## Mystified by the "Mole"?  Stop it - this minute

A MOLE is a word that stands for a NUMBER.

Just as A DOZEN is a word that stands for a number.

"Dozen" means 12.  "Mole" means 6.02x1023.  That's all.

Why is 12 called a dozen? For convenience. Why is 6.02x1023 called a mole? For convenience.

 We will now have a quiz:1. What name is given to the number 12?2. If you have a dozen apples, how many apples do you have?3. What name is given to the number 6.02x1023?4. If you have a mole of copper atoms, how many copper atoms do you have?5. If you have a mole of eggs, how many eggs do you have?

Who decided that the number 6.02x1023 would be worth having a name for? Well, of course, that was Amadeo Avogadro, the Count of Quaregna. So 6.02x1023 is sometimes called "Avogadro's number." We could go around saying "3 times Avogadro's number of iron atoms" or "this solution has 0.01 times Avogadro's number of sugar molecules per liter," but isn't it much easier to say "3 moles of iron" or "this solution is 0.01 molar sucrose?"

 Advanced Quiz: 1. Which would be more convenient?   (A) Go in the store and count out 36 eggs   (B) Go in the store and count out three cartons of a dozen eggs each. 2. Which would be more convenient?   (A) Burn 1 mole of carbon with 2 moles of sulfur and measure the energy yield   (B) Burn 602,000,000,000,000,000,000,000 atoms of carbon with 1,204,000,000,000,000,000,000,000 atoms of sulfur and measure the energy yield. 3. A chemical reaction that combines 2 atoms of sulfur with one atom of carbon makes one molecule of carbon disulfide. In order to use up all the carbon and all the sulfur, you could combine... (list all correct answers)   (A) the same number of sulfur atoms as of carbon atoms   (B) twice as many atoms of sulfur as atoms of carbon   (C) the same number of moles of sulfur as of carbon   (D) twice as many moles of sulfur as of carbon   (E) 1,204,000,000,000,000,000,000,000 sulfur atoms and 602,000,000,000,000,000,000,000 carbon atoms   (F) 2 moles of sulfur and 1 mole of carbon   (G) 2 grams of sulfur and 1 gram of carbon 4. Now suppose you want to label the eggs by how big they are. Small eggs weigh about 1.33 ounces; medium 2 ounces; large 2.33 ounces; extra large about 2.67 ounces; jumbo about 3 ounces. As you see, one extra large egg weighs twice as much as one small egg. Which of the following is(are) true (list all correct answers)   (A) A dozen eggs is a dozen eggs -- they all weigh the same by the dozen   (B) One dozen extra large eggs weighs twice as much as one dozen small eggs 5. A table of atomic masses catalogues atoms by their mass. The "atomic mass" is the mass of one mole of an element. The atomic mass of carbon is 12.00 grams/mole. The atomic mass of sulfur is 32.06 grams/mole. The mass of one carbon atom is 0.00000000000000000000001993 grams. The mass of one sulfur atom is 0.00000000000000000000005326 grams. In which of the following cases is all the carbon and all the sulfur used up in combining to make carbon disulfide (list all correct answers).   (A) Combine 0.00000000000000000000001993 grams of carbon with 0.00000000000000000000005326 grams of sulfur   (B) Combine 1 mole of carbon with 1 mole of sulfur   (C) Combine 0.00000000000000000000001993 grams of carbon with 0.00000000000000000000010652 grams of sulfur   (B) Combine 1 mole of carbon with 2 moles of sulfur Did you notice that the atomic mass has units? What are the units of atomic mass?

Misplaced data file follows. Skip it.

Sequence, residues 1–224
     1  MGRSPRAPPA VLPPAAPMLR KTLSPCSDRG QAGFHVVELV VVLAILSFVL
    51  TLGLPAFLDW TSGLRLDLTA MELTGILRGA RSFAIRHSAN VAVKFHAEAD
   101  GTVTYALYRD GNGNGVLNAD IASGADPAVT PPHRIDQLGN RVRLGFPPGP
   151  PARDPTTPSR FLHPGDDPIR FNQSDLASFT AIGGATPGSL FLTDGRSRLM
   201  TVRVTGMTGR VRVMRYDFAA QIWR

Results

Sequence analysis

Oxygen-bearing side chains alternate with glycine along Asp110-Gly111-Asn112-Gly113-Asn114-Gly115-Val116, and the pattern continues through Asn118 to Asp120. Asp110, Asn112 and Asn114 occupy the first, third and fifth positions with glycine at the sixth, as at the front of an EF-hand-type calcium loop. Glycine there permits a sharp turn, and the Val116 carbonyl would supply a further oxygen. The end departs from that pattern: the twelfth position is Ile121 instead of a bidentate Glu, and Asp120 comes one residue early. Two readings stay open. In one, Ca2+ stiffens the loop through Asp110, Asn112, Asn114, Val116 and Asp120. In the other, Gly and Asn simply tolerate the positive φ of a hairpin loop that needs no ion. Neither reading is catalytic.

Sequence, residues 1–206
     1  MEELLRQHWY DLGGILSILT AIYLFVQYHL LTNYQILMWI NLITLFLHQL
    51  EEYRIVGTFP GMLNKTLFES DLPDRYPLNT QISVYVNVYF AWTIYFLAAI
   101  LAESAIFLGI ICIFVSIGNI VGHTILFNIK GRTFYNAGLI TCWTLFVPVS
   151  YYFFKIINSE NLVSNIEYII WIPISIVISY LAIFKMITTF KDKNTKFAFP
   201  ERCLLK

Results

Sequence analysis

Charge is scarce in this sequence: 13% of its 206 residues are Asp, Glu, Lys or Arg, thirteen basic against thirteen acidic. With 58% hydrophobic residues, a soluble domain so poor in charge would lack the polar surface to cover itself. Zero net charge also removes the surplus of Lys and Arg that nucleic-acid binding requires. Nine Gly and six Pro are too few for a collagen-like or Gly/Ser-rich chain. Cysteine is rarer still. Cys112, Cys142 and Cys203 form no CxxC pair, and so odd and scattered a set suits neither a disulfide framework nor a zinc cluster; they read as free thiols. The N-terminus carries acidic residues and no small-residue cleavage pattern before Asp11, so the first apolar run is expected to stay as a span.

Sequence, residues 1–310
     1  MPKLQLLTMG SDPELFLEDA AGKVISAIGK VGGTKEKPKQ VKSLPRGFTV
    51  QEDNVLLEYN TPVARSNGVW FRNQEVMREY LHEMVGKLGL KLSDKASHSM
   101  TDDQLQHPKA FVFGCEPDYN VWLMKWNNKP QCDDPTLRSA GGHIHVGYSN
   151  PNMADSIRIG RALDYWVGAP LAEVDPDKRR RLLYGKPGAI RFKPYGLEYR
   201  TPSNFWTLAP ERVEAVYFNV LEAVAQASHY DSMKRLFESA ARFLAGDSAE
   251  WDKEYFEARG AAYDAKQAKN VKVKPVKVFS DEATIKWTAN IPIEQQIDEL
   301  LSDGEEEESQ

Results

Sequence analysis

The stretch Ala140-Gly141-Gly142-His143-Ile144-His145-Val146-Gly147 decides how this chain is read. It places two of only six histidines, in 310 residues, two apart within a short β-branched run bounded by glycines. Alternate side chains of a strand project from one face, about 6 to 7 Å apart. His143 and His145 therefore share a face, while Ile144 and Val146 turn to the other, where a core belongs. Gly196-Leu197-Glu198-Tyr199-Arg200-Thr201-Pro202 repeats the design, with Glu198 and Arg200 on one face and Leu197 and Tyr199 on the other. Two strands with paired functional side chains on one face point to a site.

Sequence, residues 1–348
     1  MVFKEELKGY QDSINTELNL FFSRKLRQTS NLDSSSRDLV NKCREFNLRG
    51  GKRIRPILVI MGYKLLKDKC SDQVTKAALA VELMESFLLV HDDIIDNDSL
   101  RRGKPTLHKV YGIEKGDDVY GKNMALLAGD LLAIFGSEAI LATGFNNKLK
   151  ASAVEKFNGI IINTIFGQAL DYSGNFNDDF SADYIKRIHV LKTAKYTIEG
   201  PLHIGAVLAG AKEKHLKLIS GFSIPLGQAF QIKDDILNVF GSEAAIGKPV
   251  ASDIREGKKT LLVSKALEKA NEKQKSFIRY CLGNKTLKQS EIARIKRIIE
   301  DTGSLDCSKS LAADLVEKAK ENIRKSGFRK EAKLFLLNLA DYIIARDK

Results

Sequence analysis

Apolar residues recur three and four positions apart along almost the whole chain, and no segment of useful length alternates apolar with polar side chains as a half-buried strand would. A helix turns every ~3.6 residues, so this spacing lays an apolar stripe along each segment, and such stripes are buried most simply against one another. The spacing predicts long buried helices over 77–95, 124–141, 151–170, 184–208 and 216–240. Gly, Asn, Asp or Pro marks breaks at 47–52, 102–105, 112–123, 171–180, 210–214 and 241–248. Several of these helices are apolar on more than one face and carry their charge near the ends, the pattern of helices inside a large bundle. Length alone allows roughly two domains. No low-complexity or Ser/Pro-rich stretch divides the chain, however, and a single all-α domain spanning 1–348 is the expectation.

There is, of course, a reason why 6.02x1023 is special enough to be given a name. It is (approximately) the number of atoms of hydrogen, the element with the smallest atoms, that makes up one gram of hydrogen. Of course, the amount of mass that is called "one gram" was arbitrary, and was originally defined by the mass of an arbitrarily chosen piece of platinum-iridium alloy kept in an underground vault outside of Paris, the so-called "primary standard" of mass, designated to be one kilogram.

Who decided that the number 12 would be important enough to be given a name ("dozen")? Good question. That can be a research project for you.

 For homework:   1. If you had a mole of eggs, and piled them in a layer that covered the earth's surface, estimate how high a pile you would have, and chose the answer below that is closest to your estimate. The radius of the earth is 6,400 km. Extra large eggs. (A) 5 meters (B) 50 meters (C) 500 meters (D) 5 km (E) 50 km (F) 500 km   What a fabulous problem! It requires estimation, perhaps some measurement, lots of ingenuity. -- the answer is (E).

 For extra credit:   2. Make a rough estimate of what the "atmospheric pressure" would be at the bottom of this pile due to the weight of the eggs? Make reasonable measurements or assumptions about the mass or density of eggs, etc. Express the result in "atmospheres of pressure." The pressure of one atmosphere is 15 pounds per square inch. (A) 4 atmospheres (B) 40 atmospheres (C) 400 atmospheres (D) 4,000 atmospheres (E) 40,000 atmospheres (F) 400,000 atmospheres -- the answer is (D).

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